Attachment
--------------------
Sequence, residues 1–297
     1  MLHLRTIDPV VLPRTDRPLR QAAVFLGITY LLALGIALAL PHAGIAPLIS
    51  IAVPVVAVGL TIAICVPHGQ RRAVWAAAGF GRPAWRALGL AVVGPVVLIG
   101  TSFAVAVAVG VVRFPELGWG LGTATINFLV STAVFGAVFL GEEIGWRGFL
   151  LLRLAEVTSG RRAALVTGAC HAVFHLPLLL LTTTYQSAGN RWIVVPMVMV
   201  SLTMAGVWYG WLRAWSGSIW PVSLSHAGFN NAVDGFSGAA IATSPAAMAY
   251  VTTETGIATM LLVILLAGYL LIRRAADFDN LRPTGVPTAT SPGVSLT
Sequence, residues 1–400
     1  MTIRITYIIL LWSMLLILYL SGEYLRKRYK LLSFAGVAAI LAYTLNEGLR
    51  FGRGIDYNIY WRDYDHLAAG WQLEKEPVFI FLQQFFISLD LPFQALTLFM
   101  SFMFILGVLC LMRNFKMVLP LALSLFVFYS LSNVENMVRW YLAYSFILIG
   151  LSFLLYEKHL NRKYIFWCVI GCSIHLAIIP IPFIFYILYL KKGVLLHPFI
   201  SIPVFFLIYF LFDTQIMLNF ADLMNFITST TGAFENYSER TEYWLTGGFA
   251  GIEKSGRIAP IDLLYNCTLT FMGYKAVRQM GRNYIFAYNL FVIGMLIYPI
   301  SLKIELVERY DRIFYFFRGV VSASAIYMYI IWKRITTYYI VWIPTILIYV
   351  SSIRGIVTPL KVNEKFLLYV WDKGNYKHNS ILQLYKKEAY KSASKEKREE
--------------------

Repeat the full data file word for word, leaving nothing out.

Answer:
Sequence, residues 1–297
     1  MLHLRTIDPV VLPRTDRPLR QAAVFLGITY LLALGIALAL PHAGIAPLIS
    51  IAVPVVAVGL TIAICVPHGQ RRAVWAAAGF GRPAWRALGL AVVGPVVLIG
   101  TSFAVAVAVG VVRFPELGWG LGTATINFLV STAVFGAVFL GEEIGWRGFL
   151  LLRLAEVTSG RRAALVTGAC HAVFHLPLLL LTTTYQSAGN RWIVVPMVMV
   201  SLTMAGVWYG WLRAWSGSIW PVSLSHAGFN NAVDGFSGAA IATSPAAMAY
   251  VTTETGIATM LLVILLAGYL LIRRAADFDN LRPTGVPTAT SPGVSLT
Sequence, residues 1–400
     1  MTIRITYIIL LWSMLLILYL SGEYLRKRYK LLSFAGVAAI LAYTLNEGLR
    51  FGRGIDYNIY WRDYDHLAAG WQLEKEPVFI FLQQFFISLD LPFQALTLFM
   101  SFMFILGVLC LMRNFKMVLP LALSLFVFYS LSNVENMVRW YLAYSFILIG
   151  LSFLLYEKHL NRKYIFWCVI GCSIHLAIIP IPFIFYILYL KKGVLLHPFI
   201  SIPVFFLIYF LFDTQIMLNF ADLMNFITST TGAFENYSER TEYWLTGGFA
   251  GIEKSGRIAP IDLLYNCTLT FMGYKAVRQM GRNYIFAYNL FVIGMLIYPI
   301  SLKIELVERY DRIFYFFRGV VSASAIYMYI IWKRITTYYI VWIPTILIYV
   351  SSIRGIVTPL KVNEKFLLYV WDKGNYKHNS ILQLYKKEAY KSASKEKREE